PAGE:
“I Read it in a Fanzine:” – Feminist Zines!

July 8, 2011

I’m excited to announce that on Thursday, September 1st at 7PM, my friend Elvis Bakaitis and I will be co-hosting a feminist zine event at Bluestockings bookstore on the Lower East Side! I love collaborating with the talented and awesome Elvis, who also designed the cover of my zine My Feminist Friends. Below is the description of our event – feel free to pass it along to anyone you think might be interested! I’m so happy to have this opportunity to co-present with such an amazing bunch of feminist zinesters.

 

Titled after a Bikini Kill lyric, “I Read it in a Fanzine” features the work of 6 feminist zine editors – Kate Angell (My Feminist Friends), Elvis Bakaitis (Twinks for Sale!), Ocean Capewell (High on Burning Photographs and It’s Not the End of the World!: Building a Life with Limp Wrists), Rachel and Sari (Hoax), and Kate Wadkins (International Girl Gang Underground). The zinesters and contributors will read selections of their work, and copies will be available for purchase after the event…come pick up a rad zine to add to your collection!

Women Working, 1800-1930

July 7, 2011

Anyone interested in labor history and women’s history would most likely be delighted to learn about Harvard University’s digital collection Women Working, 1800-1930. The collection covers issues such as workplace conditions, workplace regulations, home life, and recreation.

Site visitors can browse key events, notable people, and topics or use the excellent search interface, which allows catalog as well as full-text searching. The collection boasts a wide variety of formats, including books and pamphlets, images, and trade catalogs.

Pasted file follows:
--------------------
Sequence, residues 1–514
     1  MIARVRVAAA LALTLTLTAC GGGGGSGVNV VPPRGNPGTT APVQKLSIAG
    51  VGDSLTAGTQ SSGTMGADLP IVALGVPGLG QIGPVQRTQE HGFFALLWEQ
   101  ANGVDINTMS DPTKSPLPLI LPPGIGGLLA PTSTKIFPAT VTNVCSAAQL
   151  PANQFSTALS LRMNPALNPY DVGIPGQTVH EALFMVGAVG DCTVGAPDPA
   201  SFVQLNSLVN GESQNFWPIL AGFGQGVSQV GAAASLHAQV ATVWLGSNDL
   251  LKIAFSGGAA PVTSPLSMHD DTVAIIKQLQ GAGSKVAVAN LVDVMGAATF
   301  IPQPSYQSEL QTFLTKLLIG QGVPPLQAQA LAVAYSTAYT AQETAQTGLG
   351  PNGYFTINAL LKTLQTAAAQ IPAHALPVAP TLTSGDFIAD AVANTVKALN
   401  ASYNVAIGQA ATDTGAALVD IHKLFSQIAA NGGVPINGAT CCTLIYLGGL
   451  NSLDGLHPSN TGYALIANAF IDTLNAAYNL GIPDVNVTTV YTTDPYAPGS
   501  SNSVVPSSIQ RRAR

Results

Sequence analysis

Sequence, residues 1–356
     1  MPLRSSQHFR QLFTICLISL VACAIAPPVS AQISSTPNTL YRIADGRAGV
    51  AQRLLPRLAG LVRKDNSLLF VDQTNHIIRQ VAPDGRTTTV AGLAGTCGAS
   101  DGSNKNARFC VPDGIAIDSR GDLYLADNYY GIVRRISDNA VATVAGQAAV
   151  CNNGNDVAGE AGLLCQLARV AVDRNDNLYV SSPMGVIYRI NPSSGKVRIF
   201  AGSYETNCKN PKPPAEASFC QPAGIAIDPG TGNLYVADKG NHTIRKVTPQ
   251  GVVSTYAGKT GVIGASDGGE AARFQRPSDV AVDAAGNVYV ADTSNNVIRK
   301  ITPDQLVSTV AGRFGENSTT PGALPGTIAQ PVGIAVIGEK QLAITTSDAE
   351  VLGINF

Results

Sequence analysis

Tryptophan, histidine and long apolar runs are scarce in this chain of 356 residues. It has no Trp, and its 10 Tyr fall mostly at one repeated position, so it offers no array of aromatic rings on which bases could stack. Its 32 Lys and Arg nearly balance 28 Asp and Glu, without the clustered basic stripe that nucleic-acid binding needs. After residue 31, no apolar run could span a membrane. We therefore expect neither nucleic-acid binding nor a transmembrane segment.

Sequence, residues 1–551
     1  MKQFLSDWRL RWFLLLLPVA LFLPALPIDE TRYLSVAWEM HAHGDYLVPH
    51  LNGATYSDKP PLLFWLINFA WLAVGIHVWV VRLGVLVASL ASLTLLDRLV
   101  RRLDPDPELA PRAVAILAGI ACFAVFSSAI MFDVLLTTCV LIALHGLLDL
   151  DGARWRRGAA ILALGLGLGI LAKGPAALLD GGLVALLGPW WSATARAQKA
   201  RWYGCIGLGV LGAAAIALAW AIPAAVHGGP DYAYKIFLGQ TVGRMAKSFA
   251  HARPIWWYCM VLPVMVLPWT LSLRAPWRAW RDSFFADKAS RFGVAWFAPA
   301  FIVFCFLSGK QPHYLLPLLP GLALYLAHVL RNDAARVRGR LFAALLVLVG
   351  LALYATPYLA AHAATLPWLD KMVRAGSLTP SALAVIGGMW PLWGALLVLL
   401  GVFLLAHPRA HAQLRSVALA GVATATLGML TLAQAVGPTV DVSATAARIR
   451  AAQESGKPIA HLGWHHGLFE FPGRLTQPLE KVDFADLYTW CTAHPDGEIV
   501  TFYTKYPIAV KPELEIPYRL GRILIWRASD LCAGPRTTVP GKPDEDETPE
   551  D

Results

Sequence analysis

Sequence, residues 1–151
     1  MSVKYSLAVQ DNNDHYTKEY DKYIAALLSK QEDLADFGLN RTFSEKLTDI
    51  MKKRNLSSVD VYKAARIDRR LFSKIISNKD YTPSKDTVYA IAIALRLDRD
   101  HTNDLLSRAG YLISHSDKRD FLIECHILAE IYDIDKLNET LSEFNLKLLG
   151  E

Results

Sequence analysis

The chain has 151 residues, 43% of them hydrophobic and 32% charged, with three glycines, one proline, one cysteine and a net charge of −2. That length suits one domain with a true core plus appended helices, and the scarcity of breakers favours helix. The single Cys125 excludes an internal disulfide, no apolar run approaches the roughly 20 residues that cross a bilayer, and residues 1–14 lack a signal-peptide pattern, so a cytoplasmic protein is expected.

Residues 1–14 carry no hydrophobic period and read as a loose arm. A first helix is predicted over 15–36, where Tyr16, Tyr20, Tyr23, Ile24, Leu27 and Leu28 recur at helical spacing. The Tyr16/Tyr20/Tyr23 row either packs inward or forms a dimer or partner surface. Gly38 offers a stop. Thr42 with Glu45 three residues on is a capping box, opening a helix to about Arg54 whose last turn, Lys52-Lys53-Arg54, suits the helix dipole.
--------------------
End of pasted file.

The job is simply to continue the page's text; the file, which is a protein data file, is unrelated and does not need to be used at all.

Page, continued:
Southern CT State U Annual Women’s Studies Conference

July 1, 2011

Before I blog about this conference I just want to give you a heads up that I won’t be blogging for at least a week, ’cause I’ve decided it’s time to go relax on the beach! That said, as a 22-year former Connecticut resident I’m pleased to inform you about a great feminist graduate conference taking place at Southern Connecticut State University in New Haven on Saturday, October 29.

Titled “Critical Feminist Pedagogies: Towards an Education of Activism,” the conference is currently accepting proposals for individual papers, complete sessions, panels, or round tables, poster sessions, performance pieces, video recordings, and other creative works. The submission deadline isn’t until September 1st, so you have plenty of time to prepare something!

I’m particularly excited about this conference because it’s really trying to focus on bringing together academic/activist feminism. Although people are welcome to devise their own topics, here are some questions that the conference organizers offer:

  • What is the relationship between feminist pedagogy and indoctrination? Can consciousness-raising be a form of indoctrination? How would feminist education function beyond consciousness-raising?
  • Access to education as a feminist issue; inclusion/exclusion of certain groups
  • How might intersectionality (race, ethnicity, nationality, class, gender, sexuality, ability, environmental issues) be used as a tool for activism or education?
  • How can we continue to challenge the academic industrial complex?
  • What are the tensions between students, students and teachers, academics and grassroots activists and how might these tensions be used pedagogically/productively?